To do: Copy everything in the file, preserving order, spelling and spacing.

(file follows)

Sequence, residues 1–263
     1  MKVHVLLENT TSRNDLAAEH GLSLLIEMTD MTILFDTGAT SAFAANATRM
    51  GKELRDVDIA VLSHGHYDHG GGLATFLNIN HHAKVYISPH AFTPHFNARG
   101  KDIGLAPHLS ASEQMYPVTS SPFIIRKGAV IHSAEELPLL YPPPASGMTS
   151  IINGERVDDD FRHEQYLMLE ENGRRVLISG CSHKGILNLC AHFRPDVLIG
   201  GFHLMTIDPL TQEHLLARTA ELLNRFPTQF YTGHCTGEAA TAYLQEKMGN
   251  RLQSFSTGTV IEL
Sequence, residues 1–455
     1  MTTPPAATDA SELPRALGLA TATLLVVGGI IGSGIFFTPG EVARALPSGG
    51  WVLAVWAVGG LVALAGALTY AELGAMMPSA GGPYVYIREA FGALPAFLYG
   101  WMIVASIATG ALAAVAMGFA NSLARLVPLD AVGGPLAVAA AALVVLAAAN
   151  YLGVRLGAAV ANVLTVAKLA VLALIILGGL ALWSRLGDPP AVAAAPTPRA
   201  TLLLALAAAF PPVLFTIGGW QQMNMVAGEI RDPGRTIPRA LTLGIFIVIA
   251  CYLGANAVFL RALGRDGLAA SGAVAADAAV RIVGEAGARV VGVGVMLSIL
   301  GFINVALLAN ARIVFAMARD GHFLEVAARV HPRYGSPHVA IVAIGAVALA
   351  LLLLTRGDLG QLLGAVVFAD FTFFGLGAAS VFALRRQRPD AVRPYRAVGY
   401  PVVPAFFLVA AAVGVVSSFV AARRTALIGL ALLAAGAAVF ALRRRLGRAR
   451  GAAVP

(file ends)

Sequence, residues 1–263
     1  MKVHVLLENT TSRNDLAAEH GLSLLIEMTD MTILFDTGAT SAFAANATRM
    51  GKELRDVDIA VLSHGHYDHG GGLATFLNIN HHAKVYISPH AFTPHFNARG
   101  KDIGLAPHLS ASEQMYPVTS SPFIIRKGAV IHSAEELPLL YPPPASGMTS
   151  IINGERVDDD FRHEQYLMLE ENGRRVLISG CSHKGILNLC AHFRPDVLIG
   201  GFHLMTIDPL TQEHLLARTA ELLNRFPTQF YTGHCTGEAA TAYLQEKMGN
   251  RLQSFSTGTV IEL
Sequence, residues 1–455
     1  MTTPPAATDA SELPRALGLA TATLLVVGGI IGSGIFFTPG EVARALPSGG
    51  WVLAVWAVGG LVALAGALTY AELGAMMPSA GGPYVYIREA FGALPAFLYG
   101  WMIVASIATG ALAAVAMGFA NSLARLVPLD AVGGPLAVAA AALVVLAAAN
   151  YLGVRLGAAV ANVLTVAKLA VLALIILGGL ALWSRLGDPP AVAAAPTPRA
   201  TLLLALAAAF PPVLFTIGGW QQMNMVAGEI RDPGRTIPRA LTLGIFIVIA
   251  CYLGANAVFL RALGRDGLAA SGAVAADAAV RIVGEAGARV VGVGVMLSIL
   301  GFINVALLAN ARIVFAMARD GHFLEVAARV HPRYGSPHVA IVAIGAVALA
   351  LLLLTRGDLG QLLGAVVFAD FTFFGLGAAS VFALRRQRPD AVRPYRAVGY
   401  PVVPAFFLVA AAVGVVSSFV AARRTALIGL ALLAAGAAVF ALRRRLGRAR
   451  GAAVP